Data collection and analysis were iterative and concurrent. Regular analysis workshops within subject-specific groups and the extended project team facilitated discussion of emergent hypotheses, emerging findings within/across courses, and development of further lines of enquiry relating to future data collection. Data collection continued until we ascertained that we had obtained relevant insights into different contexts within each course, and no further themes emerged.
Data for each case study site were coded by at least two independent members of the research team (researcher triangulation), who then compared and summarised a coding framework for secondary checking by others. This process involved both deductive and inductive coding activity, as each lead researcher initially coded data from their respective case studies against the different contexts of knowledge in Eraut's framework. During analysis, themes were iterated across sites, different data sources (data triangulation) and professional groups. This involved examining both similarities and differences, constantly searching for disconfirming data. In order to facilitate comparison across the different courses and learning contexts, emerging data were indexed across the following dimensions: risk assessment, communication, patient handling, infection control, prescribing and administration of drugs. These were integrated across Eraut's different contexts of professional learning (table 1).6
Ethics and governance
Ethical approval was obtained from the Newcastle and North Tyneside Local Research Ethics Committee 2 (reference 06/Q0906/97). Each site also obtained site-specific approval from local ethics committees, and from relevant university committees. Comprehensive information sheets facilitated informed consent, which was obtained from all participants via signed consent forms. Anonymity was preserved during data collection and analysis by use of case study site codes.
Our complete dataset is summarised in box 2. Overall, we conducted 33 semistructured interviews, 38 focus groups with a total of 162 participants, and 82 observations of practice placements and learning activities. We also collected a total of 44 documents.
Our findings echoed those from previous research in some respects (see box 3).24–41 However, rather than considering these in any depth, we have chosen to focus on key novel insights to emerge from this analysis which are presented below.
Our complete dataset
17 interviews with course leaders and key informants
16 interviews with professional leads and key managers
Eight focus groups with a total of 47 2nd year students
Eight focus groups with a total of 44 final year students
Eight focus groups with a total of 21 newly qualified staff
Six focus groups with a total of 22 patients
Eight focus groups with a total of 28 practice staff
82 hours of observations
A total of 44 documents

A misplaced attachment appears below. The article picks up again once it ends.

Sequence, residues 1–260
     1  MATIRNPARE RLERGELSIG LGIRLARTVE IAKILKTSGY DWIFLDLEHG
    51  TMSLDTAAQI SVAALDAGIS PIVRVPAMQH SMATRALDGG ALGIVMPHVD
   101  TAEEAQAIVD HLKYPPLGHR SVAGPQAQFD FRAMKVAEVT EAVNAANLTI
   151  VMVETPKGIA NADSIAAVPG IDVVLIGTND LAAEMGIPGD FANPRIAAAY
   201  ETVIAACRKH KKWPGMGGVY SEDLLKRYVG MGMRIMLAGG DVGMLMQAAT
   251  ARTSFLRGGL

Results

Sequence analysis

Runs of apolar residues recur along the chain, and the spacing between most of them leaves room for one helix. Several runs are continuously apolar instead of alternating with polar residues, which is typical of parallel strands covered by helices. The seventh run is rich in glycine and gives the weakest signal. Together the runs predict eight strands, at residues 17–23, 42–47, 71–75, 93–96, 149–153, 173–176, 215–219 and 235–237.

Summary of findings consistent with previous research
Patient safety material is being incorporated into both formal and informal curricula:24 27–31 34 35 37 This is consistent with our work, but we have also shown that patient safety was more visible in practical sessions and on placements than in formal curricula.
Patient safety in the curriculum is currently largely implicit rather than explicit:24 27 29 31 34 39 41 Our work has confirmed this with patient safety being viewed as implicit in curricula as an overall programme outcome as opposed to a distinct area of competency.
Patient safety teaching requires influencing not only skills and knowledge but also attitudes and reflection:24–26 28–30 32 34 36 40 Our work builds on this by highlighting the need for reflection on action in enabling students to learn about safe practice. Currently, reflective practice seems to be more commonly applied to ethical and professional dilemmas than to technical skills or knowledge acquisition.
Teaching root-cause and significant event analysis can promote the development of reflective practice:25 26 28 30 32 35 37–40 Although participants recognised the importance of root cause and significant event analysis to enhance reflective practice, systems to promote patient safety employed in organisational settings and resulting policies were rarely found in curricular documentation or teaching activities.
Different preregistration courses differ significantly in how they approach teaching about patient safety:27 33 39 This was confirmed by our work. Definitions of patient safety and key learning topics reflected the professional group involved.
Clinical staff as role models:29 33 Our work confirmed that patient safety role models are key to student learning in helping to develop and maintain a consistent safety ethos. However, we also found limited exposure to positive role models and supervised practical opportunities.
The effectiveness of interprofessional learning about patient safety:33 35 36 40 41 Our work confirms that interprofessional learning is viewed as important, but not very common. This is particularly true for more theoretical topics, such as information sharing, recording risk assessments and handovers.
Patient safety-related tensions in the formal curriculum